Trans-Atlantic Coalition Calls for Global Securities Regulations

by devteam June 20th, 2012 | Share

The EU-US Coalition on FinancialrnRegulation is calling on policy makers in the US and the European Union (EU) tornresume discussions of a framework to regulate the trade of securities,rnderivatives, and other financial instruments. rn </p

The Coalition was established in 2005 tornencourage governments and regulatory authorities in Europe and the U.S. to movernforward on inter-jurisdictional regulatory recognition and exemptive relief onrnthe basis of regulatory compatibility, and where possible to establishrnappropriate mutual rules.  The overallrnobjective is to facilitate customer choice and market access to financialrnservices on a global basis.</p

The Coalition commissioned the international law firm Clifford Chance LLP tornproduce a report on the need to resume a dialogue to establish a framework ofrntransatlantic inter-jurisdictional regulatory accreditation and recognition. Theserndiscussions were abandoned when the financial crisis hit in 2008. </p

The new report, Inter-jurisdictionalrnRegulatory Recognition: Facilitating Recovery and Streamlining Regulation, citesrna call by the G20 in 2010 for vigilance “to ensure open capital markets andrnavoid financial protectionism”.  A pressrnrelease from the eleven Association members* of the Coalition states they havernbecome increasingly concerned by growing elements of regulatoryrnextraterritoriality and protectionism in both the EU and US programs forrnregulatory overhaul, which are increasingly inconsistent with this G20 call forrnvigilance.</p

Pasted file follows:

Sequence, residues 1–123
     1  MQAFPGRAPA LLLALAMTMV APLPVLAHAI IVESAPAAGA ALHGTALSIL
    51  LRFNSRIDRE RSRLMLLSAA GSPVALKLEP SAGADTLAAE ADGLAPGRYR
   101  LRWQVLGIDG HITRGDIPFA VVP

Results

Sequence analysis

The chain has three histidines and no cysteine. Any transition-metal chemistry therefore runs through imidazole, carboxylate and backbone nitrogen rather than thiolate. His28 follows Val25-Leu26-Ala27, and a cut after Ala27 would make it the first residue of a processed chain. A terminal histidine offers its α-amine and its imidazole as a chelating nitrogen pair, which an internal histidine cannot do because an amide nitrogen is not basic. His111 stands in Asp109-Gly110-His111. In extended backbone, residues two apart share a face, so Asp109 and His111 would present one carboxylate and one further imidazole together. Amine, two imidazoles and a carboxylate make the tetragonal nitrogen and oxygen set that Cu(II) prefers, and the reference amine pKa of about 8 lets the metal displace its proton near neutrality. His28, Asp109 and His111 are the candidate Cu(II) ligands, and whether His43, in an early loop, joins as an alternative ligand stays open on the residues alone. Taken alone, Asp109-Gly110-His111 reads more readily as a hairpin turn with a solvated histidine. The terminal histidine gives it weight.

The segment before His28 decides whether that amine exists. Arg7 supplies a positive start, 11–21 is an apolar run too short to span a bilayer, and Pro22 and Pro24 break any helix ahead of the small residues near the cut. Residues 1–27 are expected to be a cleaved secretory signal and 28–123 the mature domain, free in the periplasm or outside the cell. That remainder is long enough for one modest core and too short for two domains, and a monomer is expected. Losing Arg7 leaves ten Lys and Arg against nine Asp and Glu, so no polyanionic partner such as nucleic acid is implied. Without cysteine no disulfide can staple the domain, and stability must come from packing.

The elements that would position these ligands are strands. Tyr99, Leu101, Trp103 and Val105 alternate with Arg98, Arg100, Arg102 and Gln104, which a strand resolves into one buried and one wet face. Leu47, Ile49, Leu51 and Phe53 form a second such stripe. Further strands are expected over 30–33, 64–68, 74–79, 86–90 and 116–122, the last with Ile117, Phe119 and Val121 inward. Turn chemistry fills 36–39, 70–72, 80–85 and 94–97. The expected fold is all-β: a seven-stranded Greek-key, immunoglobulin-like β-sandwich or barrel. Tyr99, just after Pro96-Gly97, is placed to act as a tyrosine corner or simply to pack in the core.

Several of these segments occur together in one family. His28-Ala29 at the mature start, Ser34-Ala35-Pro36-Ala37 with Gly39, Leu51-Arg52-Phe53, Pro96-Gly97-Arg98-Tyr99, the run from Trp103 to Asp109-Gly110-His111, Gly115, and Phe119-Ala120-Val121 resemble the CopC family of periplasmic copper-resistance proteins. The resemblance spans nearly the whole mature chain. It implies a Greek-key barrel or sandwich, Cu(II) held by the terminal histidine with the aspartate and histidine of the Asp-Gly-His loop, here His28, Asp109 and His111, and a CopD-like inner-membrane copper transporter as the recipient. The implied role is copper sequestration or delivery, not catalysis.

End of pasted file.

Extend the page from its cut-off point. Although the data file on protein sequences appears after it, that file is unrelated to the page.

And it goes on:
The report states that while it recognizes there are differences in thernoverarching legal systems and in the market practices and regulatory prioritiesrnof the EU and the US, there is a common foundation between their regulatoryrnpolicies, objectives, standards and outcomes. These are sufficient to secure arnlevel of regulatory inter-reliance that will help to sustain the internationalrncompetitiveness of transatlantic businesses. rn”Importantly, such an approach will also reduce legal risk, compliancerncomplexity, regulatory uncertainty and transactional costs that will flow fromrnwhat is an increasingly fragmented regulatory approach.”</p

The report states that International Organization of Securities Commissions’rn(IOSCO’s) “38 Objectives & Principles of Securities Regulation” issued inrn1998 and updated in 2010 provide an internationally-accepted foundation ofrnregulatory adequacy. The Coalition recognizes, however, that regulatoryrninterdependence will require a greater degree of in-depth analysis and due diligence,rnif it is to be credible and effective but it does provide a crediblernstarting-point for building international regulatory accreditation.</p

*American Bankers Association Securities Association,rnAssociation of Financial Markets in Europe, Bankers’ Association for Financernand Trade, British Bankers’ Association, Futures Industry Association, Futuresrnand Options Association, International Capital Market Association, InvestmentrnIndustry Association of Canada, International Swaps and Derivatives Associationrn<br /Securities Industry and Financial Markets Association, Swiss Bankers Associationrn(SBA) 

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About the Author


Steven A Feinberg (@CPAsteve) of Appletree Business Services LLC, is a PASBA member accountant located in Londonderry, New Hampshire.

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